I don’t have a ton of time to write tonight, but I wanted to fill you in on something I’m planning on rolling out on my academic team in the next few months.
We do a daily sustained silent reading period—-30 minutes that rotates from classroom to classroom depending on the day—and we love it. Our kids fall into a comfortable routine over the course of the year and develop a reading-for-pleasure vibe that is just plain cool.
Having fallen madly in love with my feed reader several years ago—who COULDN’T get behind a digital tool that automatically checks my favorite websites for new content every day and brings updates to one homepage for me—I decided to put together a collection of interesting feeds for my kids to explore:
Poke around a bit and you’ll see sites being written BY and FOR kids.
There are blogs sharing book reviews and interesting current events. There are blogs being written by the authors that my kids have fallen in love with, blogs about math and science, and blogs that focus on parts of the world that I want students to know more about.
My plan is to turn handfuls of kids loose on this collection during silent reading sessions. They’ll use our classroom computers and any other Internet connected device that I can rustle up. I’ll probably only have room for 3-5 kids to read blogs each day, but that’s a start anyway.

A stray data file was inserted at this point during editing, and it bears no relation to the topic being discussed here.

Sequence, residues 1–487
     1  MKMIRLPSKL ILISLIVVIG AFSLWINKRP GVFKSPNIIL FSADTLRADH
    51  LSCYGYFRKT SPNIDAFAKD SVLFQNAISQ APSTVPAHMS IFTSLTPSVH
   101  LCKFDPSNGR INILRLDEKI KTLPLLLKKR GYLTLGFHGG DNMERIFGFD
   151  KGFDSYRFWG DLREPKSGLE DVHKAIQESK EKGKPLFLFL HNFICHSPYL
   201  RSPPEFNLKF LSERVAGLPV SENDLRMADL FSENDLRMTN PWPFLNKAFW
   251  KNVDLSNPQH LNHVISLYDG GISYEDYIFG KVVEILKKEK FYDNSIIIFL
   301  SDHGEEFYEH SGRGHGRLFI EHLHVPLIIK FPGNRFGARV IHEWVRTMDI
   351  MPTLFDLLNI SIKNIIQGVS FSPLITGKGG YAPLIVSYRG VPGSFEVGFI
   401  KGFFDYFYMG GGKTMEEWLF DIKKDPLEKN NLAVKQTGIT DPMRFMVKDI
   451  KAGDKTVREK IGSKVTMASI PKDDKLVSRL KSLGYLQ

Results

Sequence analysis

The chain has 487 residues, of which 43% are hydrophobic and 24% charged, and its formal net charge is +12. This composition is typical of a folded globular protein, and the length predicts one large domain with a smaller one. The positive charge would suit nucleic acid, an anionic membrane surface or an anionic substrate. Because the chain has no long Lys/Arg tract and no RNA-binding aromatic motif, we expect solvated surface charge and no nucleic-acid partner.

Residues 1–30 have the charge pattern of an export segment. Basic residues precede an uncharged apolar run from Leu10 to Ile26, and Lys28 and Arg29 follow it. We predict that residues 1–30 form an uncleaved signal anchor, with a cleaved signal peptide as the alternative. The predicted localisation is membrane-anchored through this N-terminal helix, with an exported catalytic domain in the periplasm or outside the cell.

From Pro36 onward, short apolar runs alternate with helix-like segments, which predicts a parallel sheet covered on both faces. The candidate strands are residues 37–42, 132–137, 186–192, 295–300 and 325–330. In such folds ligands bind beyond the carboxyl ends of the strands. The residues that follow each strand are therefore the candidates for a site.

The only rule that I’ll set is that if a student is reading online, he’s got to leave at least one comment on content that he’s reading. The way I see it, I want to encourage kids to interact—both with the ideas and individuals that they’re exploring.
That’s the real beauty of blogs after all: It’s not just reading. It’s reading together. It’s pushing back. It’s challenging and being challenged all at once.
To help guide their developing commenting habits, I’m going to print off the following handout and leave it next to every computer on our team:
It’s chock-a-block full of helpful tips and sets of commenting dos and don’ts. It’s got sentence starters and sample comments. I figure that if I want kids to be productive contributers to comment sections, I’ve got to show ’em what productive comments look like, right?
So whaddya’ think?
Should teachers be encouraging kids to read blogs during SSR time? Is there inherent value in seeing that content is being created by others—and that new digital tools can enable users to have conversations around text?
Anyone else using blogs during their SSR periods?
Anyone got a blog that I should add to my collection of student feeds?
Looking forward to hearing your thoughts.